Medium of the Masters
"The jelly is of an amber color .. It is like a liquid glass with which the painter invests his pigments. It possesses the extraordinary property of congealing in the air and of becoming ductile again at the touch of the brush. Drawn by the brush, it moves fluently over the canvas. As soon as the brush is removed, it becomes firm and congeals immediately - ready, again to become every bit as ductile at the next touch of the brush.*"
Wikipedia states, "There are extant pictures of at least two centuries painted with the documented use of Maroger medium that have been very well preserved."
Sculpting with Paint
With Maroger's medium the artist can paint wet into wet, wet over dry, or glaze in layers with surprising facility. As the painter continues to work, the Maroger gradually sets up (or stiffens) within the paint, creating a slight ‘pull’ or dragging texture. Moving and sculpting the paint with the brush, dragging one piece of paint into another, the artist creates incredibly luminous and subtle passages so often achieved by the Old Masters. Poorly manufactured alkyd mediums set up too quickly, and make these subtle passages impossible. Other mediums often take days to dry, thus cripp ling the painter’s progress and ultimately wasting valuable time. Marogermedium generally dries overnight, allowing the artist to continue working without having to wait days for passages to dry.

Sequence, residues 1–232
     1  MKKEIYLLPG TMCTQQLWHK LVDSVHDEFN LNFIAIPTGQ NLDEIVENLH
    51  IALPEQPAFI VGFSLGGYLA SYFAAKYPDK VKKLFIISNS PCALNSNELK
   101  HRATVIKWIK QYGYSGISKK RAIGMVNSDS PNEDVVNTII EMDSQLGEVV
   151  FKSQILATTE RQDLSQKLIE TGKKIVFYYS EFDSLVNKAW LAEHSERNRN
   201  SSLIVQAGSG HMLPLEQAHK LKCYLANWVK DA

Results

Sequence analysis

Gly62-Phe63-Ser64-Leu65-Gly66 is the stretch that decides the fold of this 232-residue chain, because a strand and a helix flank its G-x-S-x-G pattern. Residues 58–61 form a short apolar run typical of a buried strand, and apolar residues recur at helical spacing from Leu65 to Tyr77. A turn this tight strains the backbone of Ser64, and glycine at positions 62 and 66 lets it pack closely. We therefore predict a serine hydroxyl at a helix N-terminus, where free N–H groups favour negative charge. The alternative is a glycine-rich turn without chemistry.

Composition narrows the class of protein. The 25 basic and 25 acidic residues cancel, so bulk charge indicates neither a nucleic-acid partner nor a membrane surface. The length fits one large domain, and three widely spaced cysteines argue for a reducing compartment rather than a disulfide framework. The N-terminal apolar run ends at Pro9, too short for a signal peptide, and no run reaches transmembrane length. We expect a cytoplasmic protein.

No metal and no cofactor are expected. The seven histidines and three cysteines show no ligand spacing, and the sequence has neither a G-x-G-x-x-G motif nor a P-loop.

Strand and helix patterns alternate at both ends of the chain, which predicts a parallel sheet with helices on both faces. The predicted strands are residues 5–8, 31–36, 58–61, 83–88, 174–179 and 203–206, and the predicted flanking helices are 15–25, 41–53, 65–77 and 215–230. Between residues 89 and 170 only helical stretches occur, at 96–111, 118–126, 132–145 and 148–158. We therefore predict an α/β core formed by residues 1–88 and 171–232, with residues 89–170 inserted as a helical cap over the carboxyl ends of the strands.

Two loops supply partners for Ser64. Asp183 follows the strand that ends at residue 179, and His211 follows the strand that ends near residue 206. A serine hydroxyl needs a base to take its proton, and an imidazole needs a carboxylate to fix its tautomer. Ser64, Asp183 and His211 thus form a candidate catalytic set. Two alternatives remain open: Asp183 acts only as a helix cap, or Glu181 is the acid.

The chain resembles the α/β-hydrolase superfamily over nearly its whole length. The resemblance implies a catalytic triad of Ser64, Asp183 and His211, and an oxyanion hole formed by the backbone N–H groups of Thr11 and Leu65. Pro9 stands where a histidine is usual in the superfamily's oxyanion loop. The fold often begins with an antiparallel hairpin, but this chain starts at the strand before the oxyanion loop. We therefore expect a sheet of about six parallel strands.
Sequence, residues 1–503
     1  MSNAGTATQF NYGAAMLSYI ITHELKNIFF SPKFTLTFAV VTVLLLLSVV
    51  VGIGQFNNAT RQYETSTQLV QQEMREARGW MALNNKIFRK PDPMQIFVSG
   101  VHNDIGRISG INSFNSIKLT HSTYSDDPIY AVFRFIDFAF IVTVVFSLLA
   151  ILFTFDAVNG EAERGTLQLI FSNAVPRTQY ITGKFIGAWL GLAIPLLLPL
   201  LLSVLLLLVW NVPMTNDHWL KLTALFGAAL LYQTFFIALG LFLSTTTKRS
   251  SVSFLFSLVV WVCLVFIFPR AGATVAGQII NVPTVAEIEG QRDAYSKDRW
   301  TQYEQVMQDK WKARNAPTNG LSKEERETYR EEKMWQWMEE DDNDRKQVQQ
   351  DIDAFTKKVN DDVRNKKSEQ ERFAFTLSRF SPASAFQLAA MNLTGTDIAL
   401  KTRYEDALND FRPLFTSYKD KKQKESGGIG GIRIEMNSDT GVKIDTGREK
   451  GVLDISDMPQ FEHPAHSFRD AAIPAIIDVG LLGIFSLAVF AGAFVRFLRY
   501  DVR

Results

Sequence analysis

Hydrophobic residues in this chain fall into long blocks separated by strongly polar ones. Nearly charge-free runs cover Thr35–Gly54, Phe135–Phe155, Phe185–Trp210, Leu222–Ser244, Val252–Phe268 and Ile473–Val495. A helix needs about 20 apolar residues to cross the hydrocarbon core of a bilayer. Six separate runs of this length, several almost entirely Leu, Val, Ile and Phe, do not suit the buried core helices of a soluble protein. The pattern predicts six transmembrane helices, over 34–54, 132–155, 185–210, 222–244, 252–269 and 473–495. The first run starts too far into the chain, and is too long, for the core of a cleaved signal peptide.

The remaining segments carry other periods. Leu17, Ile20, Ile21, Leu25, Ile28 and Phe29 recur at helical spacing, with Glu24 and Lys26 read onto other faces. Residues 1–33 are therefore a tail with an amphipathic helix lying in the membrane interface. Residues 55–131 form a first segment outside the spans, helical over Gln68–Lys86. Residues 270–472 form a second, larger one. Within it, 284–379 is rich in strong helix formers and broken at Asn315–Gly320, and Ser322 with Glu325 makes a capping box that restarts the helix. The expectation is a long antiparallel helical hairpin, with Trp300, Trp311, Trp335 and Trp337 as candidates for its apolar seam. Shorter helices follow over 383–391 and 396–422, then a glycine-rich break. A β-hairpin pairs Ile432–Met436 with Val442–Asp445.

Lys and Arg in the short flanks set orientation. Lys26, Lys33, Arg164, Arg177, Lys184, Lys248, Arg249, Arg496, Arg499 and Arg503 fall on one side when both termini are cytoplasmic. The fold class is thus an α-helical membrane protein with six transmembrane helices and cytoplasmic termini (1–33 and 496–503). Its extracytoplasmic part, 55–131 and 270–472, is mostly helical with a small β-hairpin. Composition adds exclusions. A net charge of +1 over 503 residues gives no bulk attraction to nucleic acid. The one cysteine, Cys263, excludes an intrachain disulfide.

Old Masters Flemish Maroger is the most versatile medium on the market. It allows the artist to produce thick and lustrous brushstrokes for more intense lights (see detail above), as well as thin and transparent glazes for shadows and dark passages (see detail left). These two elements combined increase depth and visual impact bringing your paintings more to life with each application!
* "Secret Formulas and Techniques of the Masters,"
by J. Maroger.